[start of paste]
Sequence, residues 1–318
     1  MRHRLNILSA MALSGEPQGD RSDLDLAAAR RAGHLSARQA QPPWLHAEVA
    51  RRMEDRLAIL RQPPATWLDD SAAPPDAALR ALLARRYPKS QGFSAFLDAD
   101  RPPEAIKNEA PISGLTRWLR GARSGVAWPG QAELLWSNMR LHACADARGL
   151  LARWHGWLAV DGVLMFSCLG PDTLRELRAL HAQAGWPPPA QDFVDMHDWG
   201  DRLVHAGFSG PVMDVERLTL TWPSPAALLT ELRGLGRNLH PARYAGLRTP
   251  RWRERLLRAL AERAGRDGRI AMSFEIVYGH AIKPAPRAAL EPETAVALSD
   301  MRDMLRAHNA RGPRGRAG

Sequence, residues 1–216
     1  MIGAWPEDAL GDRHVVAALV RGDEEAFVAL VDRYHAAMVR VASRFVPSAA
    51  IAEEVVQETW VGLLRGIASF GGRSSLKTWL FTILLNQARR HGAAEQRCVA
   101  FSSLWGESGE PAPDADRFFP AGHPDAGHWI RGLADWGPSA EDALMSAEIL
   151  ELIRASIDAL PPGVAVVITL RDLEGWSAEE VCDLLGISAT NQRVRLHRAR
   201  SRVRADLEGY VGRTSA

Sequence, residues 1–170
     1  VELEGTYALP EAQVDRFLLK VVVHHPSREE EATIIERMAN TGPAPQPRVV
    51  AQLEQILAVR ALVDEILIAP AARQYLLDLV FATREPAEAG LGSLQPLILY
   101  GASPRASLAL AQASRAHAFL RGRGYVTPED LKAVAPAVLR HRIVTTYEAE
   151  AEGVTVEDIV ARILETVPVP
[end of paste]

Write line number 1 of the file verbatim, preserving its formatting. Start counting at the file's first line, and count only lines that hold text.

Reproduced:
Sequence, residues 1–318